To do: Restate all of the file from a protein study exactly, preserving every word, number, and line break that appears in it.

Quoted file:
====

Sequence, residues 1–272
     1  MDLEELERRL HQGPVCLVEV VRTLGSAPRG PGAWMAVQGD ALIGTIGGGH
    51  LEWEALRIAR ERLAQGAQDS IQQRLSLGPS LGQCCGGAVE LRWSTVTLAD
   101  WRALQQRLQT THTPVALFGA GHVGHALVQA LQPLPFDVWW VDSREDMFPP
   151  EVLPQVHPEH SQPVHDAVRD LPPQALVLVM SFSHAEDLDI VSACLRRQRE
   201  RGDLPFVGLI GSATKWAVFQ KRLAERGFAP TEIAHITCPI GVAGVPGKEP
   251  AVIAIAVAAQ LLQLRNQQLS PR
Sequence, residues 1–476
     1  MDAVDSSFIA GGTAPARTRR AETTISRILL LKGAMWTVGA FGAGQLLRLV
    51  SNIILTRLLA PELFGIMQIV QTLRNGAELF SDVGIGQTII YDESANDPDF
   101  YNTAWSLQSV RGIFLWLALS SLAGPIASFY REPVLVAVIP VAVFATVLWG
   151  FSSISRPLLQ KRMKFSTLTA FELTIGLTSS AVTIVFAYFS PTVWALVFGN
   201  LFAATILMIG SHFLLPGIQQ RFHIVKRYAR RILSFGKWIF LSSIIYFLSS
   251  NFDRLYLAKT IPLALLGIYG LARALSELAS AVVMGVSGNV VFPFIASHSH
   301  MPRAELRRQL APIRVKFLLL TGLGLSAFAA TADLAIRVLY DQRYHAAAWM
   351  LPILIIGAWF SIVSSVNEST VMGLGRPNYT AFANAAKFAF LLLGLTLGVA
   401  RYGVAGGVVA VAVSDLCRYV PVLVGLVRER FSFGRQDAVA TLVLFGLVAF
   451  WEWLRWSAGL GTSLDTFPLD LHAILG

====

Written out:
Sequence, residues 1–272
     1  MDLEELERRL HQGPVCLVEV VRTLGSAPRG PGAWMAVQGD ALIGTIGGGH
    51  LEWEALRIAR ERLAQGAQDS IQQRLSLGPS LGQCCGGAVE LRWSTVTLAD
   101  WRALQQRLQT THTPVALFGA GHVGHALVQA LQPLPFDVWW VDSREDMFPP
   151  EVLPQVHPEH SQPVHDAVRD LPPQALVLVM SFSHAEDLDI VSACLRRQRE
   201  RGDLPFVGLI GSATKWAVFQ KRLAERGFAP TEIAHITCPI GVAGVPGKEP
   251  AVIAIAVAAQ LLQLRNQQLS PR
Sequence, residues 1–476
     1  MDAVDSSFIA GGTAPARTRR AETTISRILL LKGAMWTVGA FGAGQLLRLV
    51  SNIILTRLLA PELFGIMQIV QTLRNGAELF SDVGIGQTII YDESANDPDF
   101  YNTAWSLQSV RGIFLWLALS SLAGPIASFY REPVLVAVIP VAVFATVLWG
   151  FSSISRPLLQ KRMKFSTLTA FELTIGLTSS AVTIVFAYFS PTVWALVFGN
   201  LFAATILMIG SHFLLPGIQQ RFHIVKRYAR RILSFGKWIF LSSIIYFLSS
   251  NFDRLYLAKT IPLALLGIYG LARALSELAS AVVMGVSGNV VFPFIASHSH
   301  MPRAELRRQL APIRVKFLLL TGLGLSAFAA TADLAIRVLY DQRYHAAAWM
   351  LPILIIGAWF SIVSSVNEST VMGLGRPNYT AFANAAKFAF LLLGLTLGVA
   401  RYGVAGGVVA VAVSDLCRYV PVLVGLVRER FSFGRQDAVA TLVLFGLVAF
   451  WEWLRWSAGL GTSLDTFPLD LHAILG